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Here Are Five of the Most Expensive Military Weapons on Earth

Here Are Five of the Most Expensive Military Weapons on Earth

Billions of dollars of amazing warfare hardware.

Earlier this month, The Blaze brought you the single most expensive piece of military hardware ever -- the new Ford Class USS Gerald Ford Aircraft Carrier.

But military spending in 2010 was $693 billion — nearly half of all military spending on earth. So other than aircraft carriers, where is all that money going?

Take a look below to get a good idea. With an eye to the dollars and cents of major U.S. military programs, the website 24/7 Wall Street has put together a list of the most expensive U.S. military weapons. Cost figures come from documents published by the Department of Defense and the Government Accountability Office.

Check them out. All are amazing pieces of hardware, but you'll have to determine for yourself if any of them could be considered a bargain:

1)F-22 Raptor

> Type: stealth fighter jet

> Total Cost: $79.2 billion

> R&D: $40.5 billion

> Procurement Cost: $37.9 billion

> Total Units: 188

> Price per Unit: $211.6 million

Many people say the Lockheed Martin/Boeing F-22 Raptor is the best fighter jet in the world, hands down. One thing is for sure -- it's the most expensive at $211 million per unit. The DOD budget has 188 on its current budget. Other countries want them, but so far Congress has banned the sale of Raptors to any country.

The Raptor is a hyper-maneuverable, stealth-enabled fighter and can eliminate targets long before they even know it's in the sky. Equipped with two AIM-9 Sidewinder missiles, six medium-range air-to-air missiles, a 20 mm gatling gun, two 1,000 pound bombs and eight 250 pound bombs, it gives the U.S. complete air dominance capabilities.

2)Virginia Class Submarine

> Type: nuclear submarine

> Total Cost: $83.7 billion

> R&D: $7.2 billion

> Procurement Cost: $76.6 billion

> Total Units: 30

> Price per Unit: $2,552.6 million

The Virginia Class subs are among the most useful strategic tools in the DOD arsenal.  These nuclear submarines can carry 38 different weapons, including Tomahawk Cruise Missiles, mines and torpedoes. While eight are currently in operation, the Department of Defense has 30 of these $2.5 billion mobile undersea missile platforms budgeted.

Here is a video overview of the Virginia Class Sub, courtesy of the Military Channel:

3 ) Trident II Missile

> Type: ballistic missile

> Total Cost: $53.2 billion

> R&D: $16.8 billion

> Procurement Cost: $35 billion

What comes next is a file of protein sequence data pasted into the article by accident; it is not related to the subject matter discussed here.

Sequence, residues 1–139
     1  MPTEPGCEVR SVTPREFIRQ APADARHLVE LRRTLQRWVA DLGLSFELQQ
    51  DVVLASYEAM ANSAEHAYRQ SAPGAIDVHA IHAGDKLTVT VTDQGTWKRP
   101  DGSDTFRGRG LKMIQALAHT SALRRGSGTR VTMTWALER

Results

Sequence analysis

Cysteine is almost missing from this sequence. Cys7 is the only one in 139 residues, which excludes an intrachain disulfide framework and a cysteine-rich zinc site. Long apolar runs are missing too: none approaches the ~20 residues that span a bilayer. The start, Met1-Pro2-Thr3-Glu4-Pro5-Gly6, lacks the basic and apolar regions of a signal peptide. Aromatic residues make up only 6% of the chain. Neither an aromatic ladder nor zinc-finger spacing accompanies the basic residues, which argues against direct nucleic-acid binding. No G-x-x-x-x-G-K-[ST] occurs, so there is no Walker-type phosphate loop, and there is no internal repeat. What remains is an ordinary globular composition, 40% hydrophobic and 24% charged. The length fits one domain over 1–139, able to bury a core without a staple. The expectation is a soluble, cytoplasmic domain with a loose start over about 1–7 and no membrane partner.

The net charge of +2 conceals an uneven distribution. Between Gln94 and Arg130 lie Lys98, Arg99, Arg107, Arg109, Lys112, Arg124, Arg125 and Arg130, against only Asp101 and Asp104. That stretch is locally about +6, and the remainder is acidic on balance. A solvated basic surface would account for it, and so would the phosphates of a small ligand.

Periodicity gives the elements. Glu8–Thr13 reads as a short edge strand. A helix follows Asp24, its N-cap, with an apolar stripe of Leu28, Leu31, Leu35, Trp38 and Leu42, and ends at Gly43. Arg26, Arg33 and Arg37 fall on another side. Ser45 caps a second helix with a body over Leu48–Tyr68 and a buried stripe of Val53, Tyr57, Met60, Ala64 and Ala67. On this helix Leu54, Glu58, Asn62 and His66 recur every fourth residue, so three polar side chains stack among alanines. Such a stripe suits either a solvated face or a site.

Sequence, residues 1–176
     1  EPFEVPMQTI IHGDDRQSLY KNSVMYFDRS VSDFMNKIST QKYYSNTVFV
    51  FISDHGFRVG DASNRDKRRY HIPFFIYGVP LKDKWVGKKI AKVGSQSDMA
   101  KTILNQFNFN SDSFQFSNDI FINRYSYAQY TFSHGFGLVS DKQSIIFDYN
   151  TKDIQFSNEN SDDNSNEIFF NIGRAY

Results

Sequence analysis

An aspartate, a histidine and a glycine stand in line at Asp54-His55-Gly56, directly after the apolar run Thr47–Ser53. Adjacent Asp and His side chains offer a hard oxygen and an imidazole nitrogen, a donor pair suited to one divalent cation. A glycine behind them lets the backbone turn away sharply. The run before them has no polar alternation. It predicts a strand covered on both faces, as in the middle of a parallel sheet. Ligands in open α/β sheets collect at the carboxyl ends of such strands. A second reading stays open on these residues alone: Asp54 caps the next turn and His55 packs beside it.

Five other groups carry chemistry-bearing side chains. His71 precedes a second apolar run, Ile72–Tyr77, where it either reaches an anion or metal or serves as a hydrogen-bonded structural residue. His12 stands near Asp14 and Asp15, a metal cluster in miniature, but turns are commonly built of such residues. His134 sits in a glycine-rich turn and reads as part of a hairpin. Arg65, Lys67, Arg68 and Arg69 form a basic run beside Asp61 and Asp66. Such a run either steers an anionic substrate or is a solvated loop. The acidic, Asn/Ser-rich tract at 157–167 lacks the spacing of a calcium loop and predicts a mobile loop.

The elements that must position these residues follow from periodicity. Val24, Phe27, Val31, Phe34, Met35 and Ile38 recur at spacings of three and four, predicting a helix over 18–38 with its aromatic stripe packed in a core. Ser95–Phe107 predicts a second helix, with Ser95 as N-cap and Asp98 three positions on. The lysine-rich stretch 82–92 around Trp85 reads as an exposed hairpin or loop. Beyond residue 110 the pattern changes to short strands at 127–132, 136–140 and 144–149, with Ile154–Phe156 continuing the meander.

> Total Units: 561

> Price per Unit: $65.7 million

The Trident II is the most advanced U.S. Navy ballistic missile. Equipped with a thermonuclear warhead, the Trident II is carried by most Ohio-class submarines. According to 24/7:

"The missile is 44 feet long and weighs 80 tons. Equipped with a three-stage rocket, the missile is capable of traveling at more than 13,000 miles per hour, and has a range of 4,600 miles. The Department of Defense currently has 561 Tridents on the budget, each worth more than $65 million, not counting research and development costs."

4) V-22 Osprey

> Type: tiltrotor transport plane

> Total Cost: $57.8 billion

> R&D: $13.6 billion

> Procurement Cost: $43.5 billion

> Total Units: 459

> Price per Unit: $95.2 million

The  V-22 Osprey is a hybrid plane/helicopter design -- called a "tiltrotor aircraft" -- which means it can engage in extremely short take-offs and landings, as well as hover in place.

But when the rotors come forward, it has much longer range than a helicopter. The Osprey is a transport craft that can travel up to 390 nautical miles without refueling at speeds surpassing 260 miles per hour. The 459 Ospreys include in the Pentagon budget cost a cool $95.2 million dollars each.

5) Arleigh Burke-class Destroyer

> Type: destroyer

> Total Cost: $101.8 billion

> R&D: $5.1

> Procurement Cost: $96.6 billion

> Total Units: 75

> Price per Unit: $1,299.3 million

The Arleigh Burke-class destroyer, also known as the DDG 5, has been part of the U.S. Navy's fleet since 1995. These days there are about 60 in active service, with 15 more in the DOD budget. At more than 500 feet long, stem to stern, the larger generation of Arleigh Burkes displace roughly 9,200 tons, with 350 servicemen on each vessel.

The newest generation is equipped with two vertical launching systems for tomahawk missiles, a 5″ gun, torpedoes and an advanced mine-detection system.

For even more super-pricey weapons systems, you can check out a longer list here via 24/7 Wall Street.

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